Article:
Woodworker's Journal

Woodworker's Journal April 2013

Woodworker’s Journal is the magazine for people who love to work with wood. Woodworkers of any skill level will find top-tier plans to build great projects, expert reviews of woodworking tools, and a ton of woodworking tips and techniques. Get Woodworker's Journal digital magazine subscription today and get inspired and motivated.

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United States
Rockler Press, Inc
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6 мин.
considering the cost ...

LUMBERING ALONG WITH WOOD CHOICES ... The cost of lumber is always a topic that sparks conversation among woodworkers. Personally, I lean towards spending a little extra to get a great-looking piece of wood, because I think it pays dividends when people look at my work. (I somehow get credit for growing the tree so prettily!) But lumber can be expensive, and we woodworkers are a “thrifty” lot. So in the next few issues, the Journal will look into finding lumber outside of the normal lumberyard routine. Our first article in the series examines a major concern when procuring wood from alternative sources: moisture content. When you leave the services of a lumberyard behind, how can you be sure your wood is well seasoned? I only know of one way, and…

3 мин.
stick-on solutions improve workflow

No-slip Straightedges I improved the convenience of my metal rules and straightedges by affixing strips of non-slip foam kitchen shelf liner to their back sides. I used glue to attach the foam, but double-sided tape works well, too. Now, the liner holds my straightedge or rule firmly in place when I’m taking measurements or drawing layout lines, and it doesn’t scratch the contact surface on which I’m working. It’s a simple, helpful fix. Bill Wells Olympia, Washington Weatherstripping Beats Space Balls Adhesive-backed foam weatherstripping is a good substitute for those little “space ball” rubber balls used to float panels in cabinet doors. It’s available at any hardware store or home center in various thicknesses and widths and comes in 10 foot rolls. Here are the advantages over using space balls: first, weatherstripping spacers…

6 мин.
hammering away at an answer

Q What is the purpose of using a cone-shaped mallet for carving as shown in the photo (upper right picture) on page 20 of your December 2012 issue, as opposed to a regular rawhide or wood mallet? This has always bugged me, and hopefully you’ll supply a good, logical answer. Bernie Petrasek Kingston, Pennsylvania A You mention three mallets in your letter: a “cone-shaped mallet,” known as a carver’s mallet; a “rawhide” mallet and a “wood” mallet. This last one I’m going to assume you have in mind a “joiner’s mallet.” The family of hammers and mallets has more variations than any other family of hand tools. Every craft or trade that has a need to hit something, whether it is material or the end of something, has a hammer or a…

2 мин.
a fishy tale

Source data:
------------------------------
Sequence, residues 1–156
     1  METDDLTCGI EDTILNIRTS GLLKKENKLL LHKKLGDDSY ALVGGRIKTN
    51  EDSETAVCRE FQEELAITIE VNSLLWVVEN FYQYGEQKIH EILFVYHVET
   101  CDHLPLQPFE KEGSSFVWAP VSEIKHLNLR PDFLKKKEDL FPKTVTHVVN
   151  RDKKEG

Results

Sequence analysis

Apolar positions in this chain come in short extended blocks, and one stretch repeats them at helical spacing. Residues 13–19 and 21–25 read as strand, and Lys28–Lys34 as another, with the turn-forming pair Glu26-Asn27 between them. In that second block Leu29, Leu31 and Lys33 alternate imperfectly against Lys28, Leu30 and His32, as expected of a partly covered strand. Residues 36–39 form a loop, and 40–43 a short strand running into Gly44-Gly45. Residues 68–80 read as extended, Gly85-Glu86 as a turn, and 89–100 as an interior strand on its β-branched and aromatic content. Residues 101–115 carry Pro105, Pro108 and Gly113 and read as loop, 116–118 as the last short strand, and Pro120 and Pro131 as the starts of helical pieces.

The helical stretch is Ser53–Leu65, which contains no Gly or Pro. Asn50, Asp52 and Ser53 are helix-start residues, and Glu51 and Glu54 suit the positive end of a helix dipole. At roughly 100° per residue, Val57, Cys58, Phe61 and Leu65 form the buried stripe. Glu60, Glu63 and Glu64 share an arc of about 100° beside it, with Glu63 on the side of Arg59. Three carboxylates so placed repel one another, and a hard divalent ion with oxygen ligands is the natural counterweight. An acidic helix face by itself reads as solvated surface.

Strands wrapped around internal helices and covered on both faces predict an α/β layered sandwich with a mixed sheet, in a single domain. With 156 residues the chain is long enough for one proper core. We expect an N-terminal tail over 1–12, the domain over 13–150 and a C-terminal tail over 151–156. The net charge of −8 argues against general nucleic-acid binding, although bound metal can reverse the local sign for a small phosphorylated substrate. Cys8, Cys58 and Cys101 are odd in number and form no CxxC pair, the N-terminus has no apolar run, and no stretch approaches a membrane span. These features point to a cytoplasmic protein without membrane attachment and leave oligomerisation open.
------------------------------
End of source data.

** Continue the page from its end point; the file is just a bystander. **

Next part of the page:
Although Jared McLaren of Ashland, Oregon, had purchased the mystery tool shown in our December 2012 issue to practice sharpening, he still wanted to know what it was. Merlin Ryan of London, Ohio, suggested it could be identified as “a pruning knife, for small green branches, in tight places.” Warren Allen of Cedar Hill, Texas, thought the item was “used to groom dogs and other animals with long hair.” And Ken Wagner of St. Paul, Minnesota, thought it was “some sort of opener, perhaps a very early can opener.” Ricky M. Schlatter of Stacy, Minnesota, however, chastised us with the comment, “Being from Minnesota, you have to know what this is.”Mike Walrath of Auburn Hills, Michigan, added that he has “spent lots of time using one of these over the years…

5 мин.
“fire !!” the mystery of “the lost carving”

David Esterly is a woodcarver, but a few years ago, he said, “I found myself in the middle of a mystery.” His new book, The Lost Carving, is in part a tale of his true-life detective work in recreating a piece from a famed historical woodworker that everyone had thought was destroyed. David was already interested in 17th century British carver Grinling Gibbons, who frequently worked with Christopher Wren to provide decorative elements for many of the famed architect’s work, when a 1986 fire at Hampton Court Palace near London severely damaged one of Gibbons’s carvings. Due to that interest, plus the fact that “it’s a small field of people who carve limewood high relief foliage for a living — I think you’re talking to the field,” David was hired by…

5 мин.
pyrography and turning

New techniques can add interest and beauty to woodturning, or really any type of woodworking. One that I find useful is pyrography (or “woodburning”). While you may think that woodburning is simply drawing with a blowtorch, that is far from the case. It is an art form in its own right that can add shadow, texture and color that support your turning in new and intriguing ways. With that said, you don’t have to possess Leonardo daVinci’s powers of sketching to do great woodburning. Impressive design can be accomplished by burning various patterns and textures into surfaces, making them startling and intriguing to the viewer. Let’s look at the road to becoming a pyrographer as well as a woodturner. Woodburners can be had at prices ranging from less than $20 to…